The Effect of Duckweed on Natural Pollutants: Part I- Introduction
Duckweed: What is it? When you type in “duckweed”, or Lemnaceae, if you choose to use the scientific name, on your computer, you see countless entries on how to get rid of duckweed from your pond, how much duckweed can be a nuisance when it gets stuck in your fish filter, etc. However, this is a plant that can be underestimated.
I chose to work with duckweed in my project because of the countless ways it can help the environment. This cheap aquarium plant can be bought at your local pet store, and is a source of food for not only animals, like fish and common livestock, but to us human beings as well. The main reason, however, why I chose working with this plant is because of how it can filter water, by breaking it down to biomass (the leaves and roots of duckweed), and treated water.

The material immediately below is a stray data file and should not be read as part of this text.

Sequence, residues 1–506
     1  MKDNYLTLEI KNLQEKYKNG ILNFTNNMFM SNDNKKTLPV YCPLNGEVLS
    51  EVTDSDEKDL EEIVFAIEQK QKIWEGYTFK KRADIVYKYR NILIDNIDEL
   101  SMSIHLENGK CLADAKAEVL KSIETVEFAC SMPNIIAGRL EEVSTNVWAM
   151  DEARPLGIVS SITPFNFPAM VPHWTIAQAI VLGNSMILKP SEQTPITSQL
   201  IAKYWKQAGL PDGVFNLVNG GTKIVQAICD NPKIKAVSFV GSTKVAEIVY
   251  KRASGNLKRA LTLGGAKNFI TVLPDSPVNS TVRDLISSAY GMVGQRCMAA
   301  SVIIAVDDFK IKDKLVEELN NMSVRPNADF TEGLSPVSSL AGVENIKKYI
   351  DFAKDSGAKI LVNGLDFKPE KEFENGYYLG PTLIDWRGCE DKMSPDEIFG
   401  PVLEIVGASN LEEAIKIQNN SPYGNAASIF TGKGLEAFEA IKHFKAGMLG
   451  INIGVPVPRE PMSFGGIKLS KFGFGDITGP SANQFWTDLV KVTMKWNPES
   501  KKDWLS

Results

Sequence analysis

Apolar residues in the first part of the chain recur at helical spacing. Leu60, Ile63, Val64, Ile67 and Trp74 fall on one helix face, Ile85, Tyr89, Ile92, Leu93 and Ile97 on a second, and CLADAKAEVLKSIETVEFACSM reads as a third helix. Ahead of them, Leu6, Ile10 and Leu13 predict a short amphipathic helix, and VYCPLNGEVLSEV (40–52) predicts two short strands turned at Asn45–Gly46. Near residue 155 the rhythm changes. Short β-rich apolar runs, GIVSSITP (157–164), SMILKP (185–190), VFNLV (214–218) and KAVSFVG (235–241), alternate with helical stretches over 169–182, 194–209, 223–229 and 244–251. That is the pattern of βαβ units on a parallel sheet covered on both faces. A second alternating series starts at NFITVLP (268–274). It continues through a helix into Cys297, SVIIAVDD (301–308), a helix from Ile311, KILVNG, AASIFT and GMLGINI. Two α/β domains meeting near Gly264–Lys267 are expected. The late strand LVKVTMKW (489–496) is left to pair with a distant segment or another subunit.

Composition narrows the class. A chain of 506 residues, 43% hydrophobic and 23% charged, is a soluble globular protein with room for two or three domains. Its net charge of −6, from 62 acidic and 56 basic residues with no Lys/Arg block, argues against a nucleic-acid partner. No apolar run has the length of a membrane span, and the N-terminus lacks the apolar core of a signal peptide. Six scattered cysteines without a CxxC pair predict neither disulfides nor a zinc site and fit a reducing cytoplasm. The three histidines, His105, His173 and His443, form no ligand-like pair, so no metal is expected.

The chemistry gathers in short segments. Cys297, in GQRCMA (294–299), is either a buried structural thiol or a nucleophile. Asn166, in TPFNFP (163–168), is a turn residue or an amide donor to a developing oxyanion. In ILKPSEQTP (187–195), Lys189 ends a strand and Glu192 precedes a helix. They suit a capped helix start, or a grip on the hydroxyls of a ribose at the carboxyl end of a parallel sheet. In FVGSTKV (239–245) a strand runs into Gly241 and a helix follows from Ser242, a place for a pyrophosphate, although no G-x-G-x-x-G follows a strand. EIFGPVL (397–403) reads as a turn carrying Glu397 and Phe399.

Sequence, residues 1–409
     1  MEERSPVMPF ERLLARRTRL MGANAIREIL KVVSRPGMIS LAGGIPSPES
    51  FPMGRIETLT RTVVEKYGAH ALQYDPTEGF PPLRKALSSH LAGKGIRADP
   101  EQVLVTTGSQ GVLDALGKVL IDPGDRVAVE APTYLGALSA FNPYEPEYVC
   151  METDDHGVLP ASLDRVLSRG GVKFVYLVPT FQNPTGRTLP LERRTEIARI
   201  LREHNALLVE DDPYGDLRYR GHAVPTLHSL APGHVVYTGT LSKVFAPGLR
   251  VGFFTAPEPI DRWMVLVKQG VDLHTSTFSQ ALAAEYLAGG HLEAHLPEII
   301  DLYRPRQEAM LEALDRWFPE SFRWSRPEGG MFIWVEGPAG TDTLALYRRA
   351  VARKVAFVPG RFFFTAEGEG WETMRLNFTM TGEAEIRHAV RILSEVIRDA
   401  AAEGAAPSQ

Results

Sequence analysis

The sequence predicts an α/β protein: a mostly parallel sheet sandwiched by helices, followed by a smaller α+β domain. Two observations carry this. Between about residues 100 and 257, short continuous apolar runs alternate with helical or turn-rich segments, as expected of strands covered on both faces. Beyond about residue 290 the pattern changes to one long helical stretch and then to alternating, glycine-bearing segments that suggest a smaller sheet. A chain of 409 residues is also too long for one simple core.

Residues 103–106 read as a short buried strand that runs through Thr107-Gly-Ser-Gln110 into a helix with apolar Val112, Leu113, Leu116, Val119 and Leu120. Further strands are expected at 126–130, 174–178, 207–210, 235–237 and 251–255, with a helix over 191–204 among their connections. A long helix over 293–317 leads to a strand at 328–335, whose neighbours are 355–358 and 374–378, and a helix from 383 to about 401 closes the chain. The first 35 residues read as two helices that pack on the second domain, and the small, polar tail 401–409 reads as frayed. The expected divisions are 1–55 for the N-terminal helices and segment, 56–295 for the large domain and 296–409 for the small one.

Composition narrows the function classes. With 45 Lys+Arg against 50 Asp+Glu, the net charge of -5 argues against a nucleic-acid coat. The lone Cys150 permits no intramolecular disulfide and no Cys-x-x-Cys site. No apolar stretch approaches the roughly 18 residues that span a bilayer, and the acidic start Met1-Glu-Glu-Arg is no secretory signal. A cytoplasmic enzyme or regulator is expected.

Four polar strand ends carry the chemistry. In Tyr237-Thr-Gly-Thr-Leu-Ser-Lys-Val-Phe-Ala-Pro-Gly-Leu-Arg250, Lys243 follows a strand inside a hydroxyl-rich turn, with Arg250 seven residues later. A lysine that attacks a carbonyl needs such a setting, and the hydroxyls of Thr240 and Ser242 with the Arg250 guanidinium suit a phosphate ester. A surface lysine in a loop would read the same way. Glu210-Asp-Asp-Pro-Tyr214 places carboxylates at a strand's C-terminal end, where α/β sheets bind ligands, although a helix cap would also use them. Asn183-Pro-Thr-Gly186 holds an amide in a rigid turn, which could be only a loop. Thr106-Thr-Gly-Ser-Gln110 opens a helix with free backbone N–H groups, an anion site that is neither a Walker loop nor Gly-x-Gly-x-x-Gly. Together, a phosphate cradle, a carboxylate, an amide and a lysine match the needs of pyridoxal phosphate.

Duckweed is a simple, aquatic plant that consists of two-to-three small thalloids, or plate- like leaflets that floats on or just under the surface of the water, which may or may not have simple rootlets. As I have mentioned, the scientific name for duckweed is Lemnaceae. Lemnaceae is from the order Alismatales, and the family Araceae. The largest thalloids can get up to ¼ of an inch, while the smallest ones can get less than 2 millimeters long. The type of duckweed I used for my experiment, the “Wolffia Brasiliensis” has small, teardrop shaped thalloids.
Reproduction for duckweed is not a problem. As investigated by Landolt and Kandeler in their book “The Family of Lemnaceae - A Monographic Study,” “a thumb-sized planting can cover 1.2 acres in 55 days if undisturbed”. University of Toronto professor R.L. Jefferies conducted an experiment in 1991concerning the population growth, coming up with similar results. Duckweed reproduces asexually, by repeatedly cloning itself. On each plant, there are fronds, which gradually grow new buds in its meristematic zone as it matures. The meristematic zone, which is...
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